Industrialized Nebraskans for Organized Recycling Management
May 1999

WasteCap of Lincoln and LLCHD

To Show EMS/ISO 14001 Downlink Video

The topic of the May INFORM meeting is an introduction to Environmental Management Systems (EMS) and the ISO 14001 standard. WasteCap of Lincoln and the Lincoln-Lancaster County Health Department have partnered to show a videotaped downlink from the University of Tennessee’s Center for Industrial Services and the Center for Telecommunications. The voluntary ISO 14001 standard is one in which a company goes beyond its environmental regulations as set by governing agencies. This standard displays a company’s environmental stewardship and dedication to the community.

INFORM members will be receiving an invitation to the event this week. It was not possible to a live session for the downlink on Tuesday, May 18th, so the downlink will be taped and the video shown at LLCHD’s North Training Annex on Thursday, May 20th, beginning at 8:30 a.m. This downlink will serve as INFORM’s May membership meeting. Even those businesses that cannot conform to ISO 14001 can benefit from the implementation of an EMS.

The tentative agenda for the downlink is as follows:

Introduction to EMS/ ISO 14001

EMS/ISO 14001 Overview

EMS/ISO 14001 Implementation

EMS as an aid to compliance

EMS/ISO 14001 Internal Audits and Registration

Please come and learn the benefits of EMS and ISO 14401.

LLCHD Hosting Free Latex Paint Exchange

The Lincoln-Lancaster County Health Department (441-8035) is hosting a free latex paint exchange at State Fair Park on Saturday, May 15th from 9:00 a.m. to 3:00 p.m. It will be held in the parking lot northwest of Ag Hall.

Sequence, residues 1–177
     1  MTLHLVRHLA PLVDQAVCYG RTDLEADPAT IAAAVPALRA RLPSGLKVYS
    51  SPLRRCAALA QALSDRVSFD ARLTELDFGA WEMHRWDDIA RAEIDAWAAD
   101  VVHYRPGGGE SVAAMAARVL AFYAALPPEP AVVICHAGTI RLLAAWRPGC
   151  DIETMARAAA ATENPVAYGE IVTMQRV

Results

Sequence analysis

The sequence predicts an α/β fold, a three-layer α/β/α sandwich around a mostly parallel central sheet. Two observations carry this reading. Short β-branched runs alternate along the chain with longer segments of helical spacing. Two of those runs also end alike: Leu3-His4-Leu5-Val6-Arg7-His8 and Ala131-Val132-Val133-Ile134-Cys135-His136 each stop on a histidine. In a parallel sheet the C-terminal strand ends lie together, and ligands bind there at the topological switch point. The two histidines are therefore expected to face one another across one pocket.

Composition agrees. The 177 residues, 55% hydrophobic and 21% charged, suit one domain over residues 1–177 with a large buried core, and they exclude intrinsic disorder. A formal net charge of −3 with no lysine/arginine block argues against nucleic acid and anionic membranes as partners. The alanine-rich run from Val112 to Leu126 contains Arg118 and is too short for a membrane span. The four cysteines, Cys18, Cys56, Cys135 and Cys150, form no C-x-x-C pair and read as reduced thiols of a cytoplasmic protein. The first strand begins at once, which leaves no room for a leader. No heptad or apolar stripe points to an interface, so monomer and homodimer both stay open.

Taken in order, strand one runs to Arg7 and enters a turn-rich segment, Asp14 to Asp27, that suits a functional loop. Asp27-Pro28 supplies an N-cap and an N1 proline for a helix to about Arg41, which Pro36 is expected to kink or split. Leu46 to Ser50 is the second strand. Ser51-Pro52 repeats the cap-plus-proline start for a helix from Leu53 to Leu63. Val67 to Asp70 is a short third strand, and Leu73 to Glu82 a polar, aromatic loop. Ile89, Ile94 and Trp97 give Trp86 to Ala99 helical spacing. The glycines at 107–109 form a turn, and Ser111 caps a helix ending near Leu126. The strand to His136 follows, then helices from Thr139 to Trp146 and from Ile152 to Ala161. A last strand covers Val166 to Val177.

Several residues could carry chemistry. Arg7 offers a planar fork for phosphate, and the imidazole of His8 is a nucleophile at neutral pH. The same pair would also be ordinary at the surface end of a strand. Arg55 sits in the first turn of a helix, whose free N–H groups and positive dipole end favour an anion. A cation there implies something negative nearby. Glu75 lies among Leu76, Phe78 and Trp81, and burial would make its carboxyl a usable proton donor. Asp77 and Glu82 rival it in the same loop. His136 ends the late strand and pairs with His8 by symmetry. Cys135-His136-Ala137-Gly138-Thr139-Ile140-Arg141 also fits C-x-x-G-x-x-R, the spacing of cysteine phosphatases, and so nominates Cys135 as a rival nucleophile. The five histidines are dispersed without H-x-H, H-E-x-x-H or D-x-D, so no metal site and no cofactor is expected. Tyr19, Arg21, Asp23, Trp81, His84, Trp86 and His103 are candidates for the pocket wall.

Paint may be brought in by homeowners only, but businesses are free to select paint and stain from the materials brought in. The basic conditions to the paint are:

Must only be latex (vinyl, acrylic, or water-based)

Material must mix when stirred and not be lumpy or have been frozen

Material must be in original can with label intact and readable

Can must be at least 3/4 full

Three INFORM Members Receive Environmental Awards

The 1999 Environmental Awards ceremony, hosted by Lincoln-Lancaster County Health Department, Keep Lincoln and Lancaster County Beautiful, and the Lincoln Public Works & Utilities Department, was held on Earth Day, April 22nd at the Bryan Memorial Hospital Plaza Conference Center. Among the recipients of the 1999 Environmental Awards were of three of INFORM’s member businesses.

The UNL Recycling Department was awarded with a Waste Reduction and Recycling Award and in the area of Pollution Prevention, The Goodyear Tire and Rubber Co. and Square D Company both received awards. Below is a list of accomplishments, a general background on each company, and the reasons why these companies were selected for the 1999 Environmental Awards.